“When was the last time you felt joy?” my therapist asks me in session, and I have to think for a minute.
“Tuesday night, for like a second while I was running…”
She asks if there’s any other time. I tell her about the baby goat at the farm, and I even smile talking about it. She asks if we can try reinforcing that with EMDR. I’m supposed to hold on to the memory, to immerse myself in it. I can’t evoke a sense memory to save my life. I remember the little goat, but I can’t quite re-experience it. Instead I’m aware of the present moment body sensations; tense and headachey. I ultimately lay on the floor for the rest of the session where at least I’m not in so much pain, though we don’t do more EMDR.
The next morning I arrive tired and agitated to teach, but my first student though the door is Lilly, who gave birth in early December. She shows me pictures and tells me how well her young son loves his baby sister. My other students arrive too, and I inventory the issues they’re asking me to address; stiff neck, relief from nursing strain, shoulder tension, PMS symptoms. Yep, I can help with all of that.
I set my shoes at the back of the room just in case and set about teaching my second class barefoot after my injury. We start with a supported backbend that no longer works in my home practice–it makes me feel uncomfortable and anxious. I give them a second option in case any of them struggle with it. Then I lie in front of them, my chest lifted high by the blocks, and tell them I’m going to give them some quiet.
I look at them; all the blocks appear appropriately placed. Nobody fidgets or moves for the second option. I lay my head back and close my eyes. I feel the cork floor beneath my arms and the dig of the block edges into my rhomboids. The room is silent, and here with my class I’m comfortable. We do some more work on the floor and then move into balasana (child’s pose), where I direct them to try a variation if they like for abdominal pressure. I have PMS too; I’m glad for this request. Eventually I encourage them into Adho Mukha Svanasana (downward facing dog) if they feel ready.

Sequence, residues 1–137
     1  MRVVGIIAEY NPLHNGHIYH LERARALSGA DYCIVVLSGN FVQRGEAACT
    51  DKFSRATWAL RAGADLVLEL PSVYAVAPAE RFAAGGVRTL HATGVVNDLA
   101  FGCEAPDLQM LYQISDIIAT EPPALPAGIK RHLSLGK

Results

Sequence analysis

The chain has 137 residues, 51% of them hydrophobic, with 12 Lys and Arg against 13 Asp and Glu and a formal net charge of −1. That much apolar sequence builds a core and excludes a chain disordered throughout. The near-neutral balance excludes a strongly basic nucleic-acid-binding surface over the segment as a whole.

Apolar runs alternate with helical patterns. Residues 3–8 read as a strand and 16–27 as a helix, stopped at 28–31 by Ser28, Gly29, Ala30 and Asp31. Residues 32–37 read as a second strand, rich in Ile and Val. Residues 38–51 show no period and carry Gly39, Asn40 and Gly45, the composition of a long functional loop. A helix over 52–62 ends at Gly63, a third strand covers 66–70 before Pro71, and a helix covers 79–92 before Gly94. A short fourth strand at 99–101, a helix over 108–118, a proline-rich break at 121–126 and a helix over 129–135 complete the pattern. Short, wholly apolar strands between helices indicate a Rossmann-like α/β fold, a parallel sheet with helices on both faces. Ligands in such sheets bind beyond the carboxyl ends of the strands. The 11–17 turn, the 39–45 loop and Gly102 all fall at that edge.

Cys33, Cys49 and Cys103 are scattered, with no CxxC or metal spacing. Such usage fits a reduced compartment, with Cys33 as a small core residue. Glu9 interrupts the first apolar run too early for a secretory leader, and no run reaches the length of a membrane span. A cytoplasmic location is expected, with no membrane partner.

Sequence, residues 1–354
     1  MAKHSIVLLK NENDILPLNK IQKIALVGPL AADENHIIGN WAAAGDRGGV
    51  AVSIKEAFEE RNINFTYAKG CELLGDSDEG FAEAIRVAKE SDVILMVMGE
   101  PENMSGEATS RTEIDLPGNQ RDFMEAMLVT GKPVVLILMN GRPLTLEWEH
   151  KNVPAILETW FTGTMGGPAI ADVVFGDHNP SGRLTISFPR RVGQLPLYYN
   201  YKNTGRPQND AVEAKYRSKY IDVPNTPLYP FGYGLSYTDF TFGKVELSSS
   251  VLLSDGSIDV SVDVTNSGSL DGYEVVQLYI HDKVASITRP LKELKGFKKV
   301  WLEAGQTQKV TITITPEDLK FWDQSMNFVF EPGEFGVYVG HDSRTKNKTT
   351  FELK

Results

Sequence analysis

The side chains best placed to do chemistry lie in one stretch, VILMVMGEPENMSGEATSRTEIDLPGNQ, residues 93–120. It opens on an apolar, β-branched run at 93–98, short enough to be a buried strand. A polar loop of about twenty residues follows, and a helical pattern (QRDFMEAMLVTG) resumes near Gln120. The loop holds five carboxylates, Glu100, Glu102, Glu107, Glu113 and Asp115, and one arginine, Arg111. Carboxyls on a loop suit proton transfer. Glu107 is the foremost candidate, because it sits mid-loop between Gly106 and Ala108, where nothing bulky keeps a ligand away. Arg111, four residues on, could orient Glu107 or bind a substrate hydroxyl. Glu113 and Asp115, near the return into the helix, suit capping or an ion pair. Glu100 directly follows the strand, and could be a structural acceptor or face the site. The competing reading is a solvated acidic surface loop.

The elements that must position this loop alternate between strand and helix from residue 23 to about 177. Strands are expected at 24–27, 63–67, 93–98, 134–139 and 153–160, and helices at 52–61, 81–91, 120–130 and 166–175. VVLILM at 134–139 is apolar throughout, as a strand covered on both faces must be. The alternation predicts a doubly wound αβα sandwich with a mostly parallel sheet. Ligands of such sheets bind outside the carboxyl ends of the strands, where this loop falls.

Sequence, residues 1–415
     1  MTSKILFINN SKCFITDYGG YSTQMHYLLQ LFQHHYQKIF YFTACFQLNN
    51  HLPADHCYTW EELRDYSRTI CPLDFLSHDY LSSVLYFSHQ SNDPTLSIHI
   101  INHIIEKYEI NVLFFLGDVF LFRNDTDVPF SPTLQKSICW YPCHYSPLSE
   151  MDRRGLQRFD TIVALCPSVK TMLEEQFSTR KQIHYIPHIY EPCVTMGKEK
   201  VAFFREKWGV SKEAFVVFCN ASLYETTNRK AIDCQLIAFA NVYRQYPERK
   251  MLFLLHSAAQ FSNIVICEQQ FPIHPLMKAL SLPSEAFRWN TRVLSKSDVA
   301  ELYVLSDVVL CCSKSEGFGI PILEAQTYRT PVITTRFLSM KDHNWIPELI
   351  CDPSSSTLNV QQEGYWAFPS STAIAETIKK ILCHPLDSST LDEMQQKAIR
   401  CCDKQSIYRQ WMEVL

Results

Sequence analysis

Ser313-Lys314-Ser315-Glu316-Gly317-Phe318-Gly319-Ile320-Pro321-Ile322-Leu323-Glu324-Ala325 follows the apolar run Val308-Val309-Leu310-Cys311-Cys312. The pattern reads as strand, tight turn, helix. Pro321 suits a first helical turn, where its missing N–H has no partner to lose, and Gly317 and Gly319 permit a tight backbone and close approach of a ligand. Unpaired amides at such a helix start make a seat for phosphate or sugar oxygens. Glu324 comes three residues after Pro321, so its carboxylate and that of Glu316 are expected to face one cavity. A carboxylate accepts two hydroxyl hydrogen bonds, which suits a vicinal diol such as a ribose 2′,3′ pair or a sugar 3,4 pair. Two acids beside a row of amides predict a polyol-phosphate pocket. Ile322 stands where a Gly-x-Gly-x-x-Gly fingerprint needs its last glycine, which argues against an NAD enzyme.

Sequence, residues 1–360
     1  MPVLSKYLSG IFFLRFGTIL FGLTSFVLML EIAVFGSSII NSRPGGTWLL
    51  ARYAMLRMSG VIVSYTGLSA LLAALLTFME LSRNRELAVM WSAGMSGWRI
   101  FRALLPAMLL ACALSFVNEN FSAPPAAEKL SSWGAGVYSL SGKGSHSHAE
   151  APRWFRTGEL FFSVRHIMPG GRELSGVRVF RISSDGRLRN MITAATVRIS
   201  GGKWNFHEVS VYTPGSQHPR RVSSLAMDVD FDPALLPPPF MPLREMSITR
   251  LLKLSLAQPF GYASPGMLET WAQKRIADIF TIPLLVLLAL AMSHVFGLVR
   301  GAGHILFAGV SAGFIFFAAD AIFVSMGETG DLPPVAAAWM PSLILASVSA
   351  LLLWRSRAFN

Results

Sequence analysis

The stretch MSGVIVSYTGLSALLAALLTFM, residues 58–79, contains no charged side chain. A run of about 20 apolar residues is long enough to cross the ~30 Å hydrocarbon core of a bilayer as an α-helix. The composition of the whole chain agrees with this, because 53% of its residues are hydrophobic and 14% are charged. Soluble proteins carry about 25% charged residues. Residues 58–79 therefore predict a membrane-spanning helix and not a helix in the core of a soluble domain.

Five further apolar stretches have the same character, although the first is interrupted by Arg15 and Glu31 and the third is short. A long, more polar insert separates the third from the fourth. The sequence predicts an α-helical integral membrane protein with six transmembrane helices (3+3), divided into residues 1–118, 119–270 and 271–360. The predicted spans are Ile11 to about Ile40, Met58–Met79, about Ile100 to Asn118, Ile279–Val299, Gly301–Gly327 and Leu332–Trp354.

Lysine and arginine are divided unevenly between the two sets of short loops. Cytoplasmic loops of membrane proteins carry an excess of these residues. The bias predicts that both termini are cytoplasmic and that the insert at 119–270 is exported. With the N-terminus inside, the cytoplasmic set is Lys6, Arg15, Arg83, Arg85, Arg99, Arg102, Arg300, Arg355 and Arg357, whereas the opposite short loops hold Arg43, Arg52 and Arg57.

I stand up and close the doors, turn on some music, and talk them through Surya Namaskara. Standing at the wall to observe, I catch myself smiling at Lilly; she looks so easy in her body postpartum. Mary Beth holds plank longer on several repetitions–she’s making great choices, she seems strong. I move between my students as I cue the class, walking slowly. Christine gets my attention when I am nearby “Laura, would you mind cranking the window open?” That’s a great idea, and I’m happy she felt comfortable asking. The breeze floats in warm and pleasant and I am smiling again. The cork floor feels soft and warm beneath my feet.
Later, Lilly calls to me in shalabhasana (locust pose)–“Laura, would you hold my arms again? That felt really good.” Of course. I hold her forearms firmly, squat low over her legs and gently pull back. I feel the texture of her mat, the soft warmth of her skin against my hands, a slight adjustment in my own upper back.
And then I’m aware of joy–that I’m inhabiting my body, totally present with these people, confident in myself. I am a good teacher. My next cue comes out just a little pinched; overwhelmed to catch myself so happy, I’m starting to tear up. I take a deep breath and keep working.
With my class finally in savasana, I kneel behind each of them in turn. I rub my hands together before making contact so they know I’m there. When I get to Lisa, her left shoulder doesn’t yield. She’s particularly enthusiastic about being adjusted; I back off the pressure and gently use the heel of my hand to rock the head of her humerus. I feel a small give and then her scapula drops easily. She takes a deep breath and I release contact.
I sit at the front of the room and sing them out of savasana. When we open our eyes, contented smiles greet me.
My work is important.